**** out of 5
"There's something going on I don't know about, and what I don't know, I don't like."
Screenwriter Robert Rossen became director Robert Rossen with this film. (actually, he did both jobs here) He already had a couple of noir or semi-noir hits under his belt as a writer by this point, including Out of the Fog and The Strange Love of Martha Ivers, and followed this one up with the unforgettable noir great, Body and Soul.
What he produced here is a film with definite noir atmosphere and all the essential elements of noir, though possibly not at tightly plotted as some of the more noteable noirs. I would venture to guess that as a first-time director, he may still have been more in writer mode, where one thinks less in cinematic terms of what works, and more with the pacing of how things work on the page. This is not to say that as a director, his work is undisciplined here, but merely that he got much better as he progressed (and very rapidly so), getting to a point where he would develop a keen sense of how to pace scenes, and when to trim and tighten the storytelling in a way that keeps things moving and maintains the intensity of audience involvement that is key to great filmmaking. As a first-time director's film, though, this is pretty terrific entertainment regardless.
Dick Powell is a clear anti-hero type in the film as a character who is clearly involved in shady activity, but is still likeable enough that the audience never stops rooting for him to succeed.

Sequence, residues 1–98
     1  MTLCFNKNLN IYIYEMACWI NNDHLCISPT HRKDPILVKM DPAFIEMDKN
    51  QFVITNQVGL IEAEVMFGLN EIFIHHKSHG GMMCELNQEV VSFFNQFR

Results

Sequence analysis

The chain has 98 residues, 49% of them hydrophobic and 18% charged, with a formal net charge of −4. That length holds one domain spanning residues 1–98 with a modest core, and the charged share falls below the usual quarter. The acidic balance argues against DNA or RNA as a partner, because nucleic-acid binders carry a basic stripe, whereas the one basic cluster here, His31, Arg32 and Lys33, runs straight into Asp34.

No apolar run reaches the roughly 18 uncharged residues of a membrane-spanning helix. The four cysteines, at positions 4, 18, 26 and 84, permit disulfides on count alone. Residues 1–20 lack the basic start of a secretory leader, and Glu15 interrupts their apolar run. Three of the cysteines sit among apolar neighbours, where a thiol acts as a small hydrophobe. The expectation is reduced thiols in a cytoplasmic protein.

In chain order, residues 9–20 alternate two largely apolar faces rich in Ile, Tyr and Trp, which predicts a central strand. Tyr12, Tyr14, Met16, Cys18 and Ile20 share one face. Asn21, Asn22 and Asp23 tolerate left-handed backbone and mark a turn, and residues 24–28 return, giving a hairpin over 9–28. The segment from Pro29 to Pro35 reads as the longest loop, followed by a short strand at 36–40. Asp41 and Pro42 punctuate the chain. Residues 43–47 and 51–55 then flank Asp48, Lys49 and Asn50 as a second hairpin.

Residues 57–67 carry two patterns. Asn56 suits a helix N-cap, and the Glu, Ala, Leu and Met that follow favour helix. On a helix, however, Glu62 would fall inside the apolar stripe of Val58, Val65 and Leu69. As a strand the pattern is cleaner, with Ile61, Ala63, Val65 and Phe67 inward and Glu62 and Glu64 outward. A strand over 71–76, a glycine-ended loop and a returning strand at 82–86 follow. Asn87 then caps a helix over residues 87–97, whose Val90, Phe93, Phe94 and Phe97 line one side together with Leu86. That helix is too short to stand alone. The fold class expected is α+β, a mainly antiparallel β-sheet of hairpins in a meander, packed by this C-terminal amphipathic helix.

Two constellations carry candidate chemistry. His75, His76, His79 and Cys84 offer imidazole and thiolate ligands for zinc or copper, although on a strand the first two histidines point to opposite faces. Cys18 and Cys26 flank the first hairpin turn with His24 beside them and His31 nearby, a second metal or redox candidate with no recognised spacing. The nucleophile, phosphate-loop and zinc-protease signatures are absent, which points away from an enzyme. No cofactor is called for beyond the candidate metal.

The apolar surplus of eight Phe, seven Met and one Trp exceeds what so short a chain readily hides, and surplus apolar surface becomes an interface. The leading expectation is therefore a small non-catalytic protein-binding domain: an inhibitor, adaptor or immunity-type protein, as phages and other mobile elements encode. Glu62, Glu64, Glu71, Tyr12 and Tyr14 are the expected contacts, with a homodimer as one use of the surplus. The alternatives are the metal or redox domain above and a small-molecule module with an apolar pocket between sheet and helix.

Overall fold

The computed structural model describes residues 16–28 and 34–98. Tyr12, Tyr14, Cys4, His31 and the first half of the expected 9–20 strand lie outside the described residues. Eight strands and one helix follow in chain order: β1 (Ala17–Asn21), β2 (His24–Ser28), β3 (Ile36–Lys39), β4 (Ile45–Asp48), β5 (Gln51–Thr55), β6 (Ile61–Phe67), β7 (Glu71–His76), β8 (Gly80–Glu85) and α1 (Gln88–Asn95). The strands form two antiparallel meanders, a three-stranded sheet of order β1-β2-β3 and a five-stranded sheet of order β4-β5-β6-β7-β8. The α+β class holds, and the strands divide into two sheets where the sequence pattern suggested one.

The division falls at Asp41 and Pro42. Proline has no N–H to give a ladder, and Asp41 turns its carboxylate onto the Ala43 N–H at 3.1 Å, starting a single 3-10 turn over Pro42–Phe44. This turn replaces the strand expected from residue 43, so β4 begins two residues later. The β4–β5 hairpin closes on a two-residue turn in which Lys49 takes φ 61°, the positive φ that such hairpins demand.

Lee J. Cobb is interesting as the homicide detective who dogs Powell's heels trying to track down the murderer of Nina Foch's innocent hat-check girl character. We also have noir staple Evelyn Keyes entering late in the picture as Foch's sister, who also want to find the killer, but instead finds a love interest in Powell. Ellen Drew is the femme fatale, and mighty deadly one, at that; She is married to Thomas Gomez' mob boss character, solely for the money, and finds herself disatisfied and wanting Powell as well, and, in an ice-cold climactic scene, demonstrates that, as Shakespeare noted, "Hell hath no fury like a woman scorned."
Interesting side note is to correlate the name Johnny O'Clock with the film's obsession with time-pieces, from the opening shot of the street-side timepiece outside Powell's hotel, to the unusual alarm clock Powell is woken to every morning with a bit of help from his personal bodyguard, the ex-con Charlie(John Kellogg), to the duplicate watches given as gifts to 2 different characters by the same person, and how those watches play into the plot and how they figure into the dramatic climax.